Student Scholar Symposium Abstracts and Posters

Document Type


Publication Date

Spring 5-2021

Faculty Advisor(s)

Brooke Jenkins, Julia Boehm


Since the beginning of the COVID-19 pandemic, there has been an increased mental health risk among college students. Recent studies have suggested that this concerning phenomenon can be attributed to social isolation and loneliness caused by preventive measures including social distancing. Being socially isolated can also have harmful effects on one’s physical health, such as a weakened cardiovascular system. Furthermore, existing literature reported that social support can promote more active coping strategies, which is associated with better psychological adjustment. Nevertheless, there hasn’t been any research on the influence of social factors and loneliness both on students’ health and their coping styles during the pandemic. The purpose of the present study is to investigate how loneliness and perceived social support are associated with the physical health and coping styles of college students during COVID-19. As for the coping measure, the study will look specifically at two types of coping strategies: active coping and self-distraction. The variables were measured through an online survey administered across five different time points in 2020 with students enrolled in Chapman University. The study will focus on the first two waves of the survey, which took place in May and July of 2020. Social support and loneliness in May will be used to predict physical health and coping styles in July. It is hypothesized that students who reported higher levels of perceived social support would show better physical health and use active coping more than self-distraction. It is also predicted that those who feel higher levels of loneliness would report poorer physical health and engage more in self-distraction than in active coping. This study may contribute to the necessary endeavor to improve the physical and psychological wellbeing of college students during the global health crisis by promoting higher social support and alleviating the sense of loneliness.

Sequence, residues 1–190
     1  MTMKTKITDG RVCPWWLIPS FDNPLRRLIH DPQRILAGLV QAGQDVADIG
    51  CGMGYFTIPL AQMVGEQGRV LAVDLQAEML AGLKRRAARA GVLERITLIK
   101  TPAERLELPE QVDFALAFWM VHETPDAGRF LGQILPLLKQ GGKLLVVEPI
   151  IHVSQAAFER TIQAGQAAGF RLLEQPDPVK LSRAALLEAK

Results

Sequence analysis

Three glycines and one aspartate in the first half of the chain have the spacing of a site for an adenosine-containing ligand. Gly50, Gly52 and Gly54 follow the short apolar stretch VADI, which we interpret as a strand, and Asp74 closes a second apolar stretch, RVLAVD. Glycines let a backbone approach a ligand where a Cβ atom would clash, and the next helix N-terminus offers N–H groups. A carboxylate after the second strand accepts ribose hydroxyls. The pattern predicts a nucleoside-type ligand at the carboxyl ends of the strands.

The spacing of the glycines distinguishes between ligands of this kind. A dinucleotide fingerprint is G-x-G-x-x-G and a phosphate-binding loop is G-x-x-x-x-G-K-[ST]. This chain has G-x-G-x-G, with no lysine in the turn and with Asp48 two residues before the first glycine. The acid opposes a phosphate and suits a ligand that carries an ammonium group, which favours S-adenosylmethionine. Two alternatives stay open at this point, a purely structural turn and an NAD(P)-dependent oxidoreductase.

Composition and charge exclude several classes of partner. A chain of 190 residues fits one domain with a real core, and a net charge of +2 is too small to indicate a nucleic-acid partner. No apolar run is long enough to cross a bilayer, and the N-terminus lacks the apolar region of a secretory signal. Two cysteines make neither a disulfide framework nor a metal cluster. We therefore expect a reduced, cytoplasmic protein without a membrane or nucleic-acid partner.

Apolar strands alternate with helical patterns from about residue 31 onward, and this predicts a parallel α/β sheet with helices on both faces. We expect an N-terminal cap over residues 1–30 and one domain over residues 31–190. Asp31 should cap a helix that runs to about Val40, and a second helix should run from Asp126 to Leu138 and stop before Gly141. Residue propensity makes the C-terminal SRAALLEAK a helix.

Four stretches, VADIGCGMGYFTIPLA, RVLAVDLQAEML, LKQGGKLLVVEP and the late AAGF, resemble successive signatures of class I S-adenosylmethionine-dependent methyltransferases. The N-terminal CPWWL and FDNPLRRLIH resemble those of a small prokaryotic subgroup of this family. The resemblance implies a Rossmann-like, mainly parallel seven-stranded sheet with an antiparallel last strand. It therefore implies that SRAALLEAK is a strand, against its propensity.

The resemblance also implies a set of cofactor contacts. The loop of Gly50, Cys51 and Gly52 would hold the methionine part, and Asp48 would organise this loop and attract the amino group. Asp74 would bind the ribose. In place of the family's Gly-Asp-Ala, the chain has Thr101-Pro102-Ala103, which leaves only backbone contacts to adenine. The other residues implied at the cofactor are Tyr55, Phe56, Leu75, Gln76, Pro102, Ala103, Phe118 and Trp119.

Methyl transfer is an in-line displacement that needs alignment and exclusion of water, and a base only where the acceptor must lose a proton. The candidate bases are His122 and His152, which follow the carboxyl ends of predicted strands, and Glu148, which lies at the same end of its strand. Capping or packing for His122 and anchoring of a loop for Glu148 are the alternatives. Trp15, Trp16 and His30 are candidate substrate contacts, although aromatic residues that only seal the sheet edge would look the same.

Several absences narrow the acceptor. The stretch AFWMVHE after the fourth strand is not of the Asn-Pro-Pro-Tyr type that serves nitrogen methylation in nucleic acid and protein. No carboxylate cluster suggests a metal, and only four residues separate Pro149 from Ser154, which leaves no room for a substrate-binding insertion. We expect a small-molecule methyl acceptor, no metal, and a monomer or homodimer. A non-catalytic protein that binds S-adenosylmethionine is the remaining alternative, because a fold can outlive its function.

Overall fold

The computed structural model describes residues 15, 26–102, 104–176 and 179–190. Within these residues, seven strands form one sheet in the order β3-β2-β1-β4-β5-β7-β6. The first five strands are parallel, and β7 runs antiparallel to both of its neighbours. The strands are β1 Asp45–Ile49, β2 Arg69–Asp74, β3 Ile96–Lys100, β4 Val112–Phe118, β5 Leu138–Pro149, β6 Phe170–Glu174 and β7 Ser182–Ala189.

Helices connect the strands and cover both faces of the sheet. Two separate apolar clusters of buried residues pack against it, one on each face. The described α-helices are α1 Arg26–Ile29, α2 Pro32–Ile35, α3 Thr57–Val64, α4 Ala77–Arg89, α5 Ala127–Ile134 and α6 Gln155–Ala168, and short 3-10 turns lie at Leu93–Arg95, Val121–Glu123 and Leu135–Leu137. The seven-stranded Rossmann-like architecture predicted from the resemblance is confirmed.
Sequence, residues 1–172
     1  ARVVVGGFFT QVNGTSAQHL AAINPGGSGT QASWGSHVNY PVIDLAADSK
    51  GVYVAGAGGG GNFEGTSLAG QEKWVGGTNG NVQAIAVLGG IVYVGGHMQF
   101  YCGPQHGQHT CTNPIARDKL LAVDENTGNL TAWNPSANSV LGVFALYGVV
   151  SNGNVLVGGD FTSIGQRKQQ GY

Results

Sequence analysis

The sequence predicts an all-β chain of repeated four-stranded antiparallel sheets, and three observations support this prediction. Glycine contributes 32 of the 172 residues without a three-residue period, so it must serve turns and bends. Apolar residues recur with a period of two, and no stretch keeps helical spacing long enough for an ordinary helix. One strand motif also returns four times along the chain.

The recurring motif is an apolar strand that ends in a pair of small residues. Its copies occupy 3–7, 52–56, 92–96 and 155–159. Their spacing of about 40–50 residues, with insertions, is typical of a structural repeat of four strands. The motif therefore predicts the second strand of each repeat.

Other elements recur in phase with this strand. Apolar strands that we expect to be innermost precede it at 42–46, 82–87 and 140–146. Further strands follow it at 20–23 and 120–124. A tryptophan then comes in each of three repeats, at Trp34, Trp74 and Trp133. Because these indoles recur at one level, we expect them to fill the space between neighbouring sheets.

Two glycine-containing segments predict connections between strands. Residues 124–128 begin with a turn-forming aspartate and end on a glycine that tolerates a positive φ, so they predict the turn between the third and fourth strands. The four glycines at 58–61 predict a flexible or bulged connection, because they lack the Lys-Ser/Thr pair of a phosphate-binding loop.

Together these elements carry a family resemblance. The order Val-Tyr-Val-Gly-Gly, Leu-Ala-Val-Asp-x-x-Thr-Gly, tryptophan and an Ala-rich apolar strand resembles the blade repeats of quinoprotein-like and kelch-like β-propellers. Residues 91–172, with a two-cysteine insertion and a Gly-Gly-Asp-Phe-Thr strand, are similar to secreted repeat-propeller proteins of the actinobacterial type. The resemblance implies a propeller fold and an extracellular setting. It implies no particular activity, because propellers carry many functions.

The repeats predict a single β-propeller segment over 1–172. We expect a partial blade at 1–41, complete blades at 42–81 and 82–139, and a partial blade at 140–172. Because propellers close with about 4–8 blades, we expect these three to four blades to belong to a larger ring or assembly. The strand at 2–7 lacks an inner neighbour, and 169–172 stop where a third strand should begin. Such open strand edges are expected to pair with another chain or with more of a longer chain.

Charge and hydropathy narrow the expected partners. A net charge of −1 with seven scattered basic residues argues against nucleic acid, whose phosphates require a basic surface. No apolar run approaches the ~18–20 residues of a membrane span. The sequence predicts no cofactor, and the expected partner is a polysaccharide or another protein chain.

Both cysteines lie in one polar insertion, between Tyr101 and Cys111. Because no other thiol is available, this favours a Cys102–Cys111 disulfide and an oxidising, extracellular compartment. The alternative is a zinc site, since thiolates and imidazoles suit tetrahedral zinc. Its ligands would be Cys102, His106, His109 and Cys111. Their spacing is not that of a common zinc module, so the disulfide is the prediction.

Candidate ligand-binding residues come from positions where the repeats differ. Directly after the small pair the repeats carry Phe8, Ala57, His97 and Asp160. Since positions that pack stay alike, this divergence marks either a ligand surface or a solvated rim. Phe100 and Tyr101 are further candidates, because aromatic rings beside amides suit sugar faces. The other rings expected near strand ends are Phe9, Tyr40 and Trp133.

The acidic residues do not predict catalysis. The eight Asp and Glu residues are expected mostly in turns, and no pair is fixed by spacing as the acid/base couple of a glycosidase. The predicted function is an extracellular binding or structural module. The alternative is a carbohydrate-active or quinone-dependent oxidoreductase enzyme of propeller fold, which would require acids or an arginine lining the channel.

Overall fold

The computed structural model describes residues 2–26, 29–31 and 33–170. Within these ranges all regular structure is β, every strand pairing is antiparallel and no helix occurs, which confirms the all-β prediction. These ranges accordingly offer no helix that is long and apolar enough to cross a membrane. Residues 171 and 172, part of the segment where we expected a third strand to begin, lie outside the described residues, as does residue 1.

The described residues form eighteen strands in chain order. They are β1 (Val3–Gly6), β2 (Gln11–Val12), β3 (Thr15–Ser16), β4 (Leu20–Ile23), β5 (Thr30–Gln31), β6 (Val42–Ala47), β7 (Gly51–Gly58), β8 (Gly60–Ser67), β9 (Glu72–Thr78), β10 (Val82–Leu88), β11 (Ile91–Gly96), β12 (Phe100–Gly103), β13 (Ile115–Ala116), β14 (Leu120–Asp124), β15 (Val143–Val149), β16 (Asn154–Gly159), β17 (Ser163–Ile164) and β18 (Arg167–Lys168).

Presented at the virtual Spring 2021 Student Scholar Symposium at Chapman University.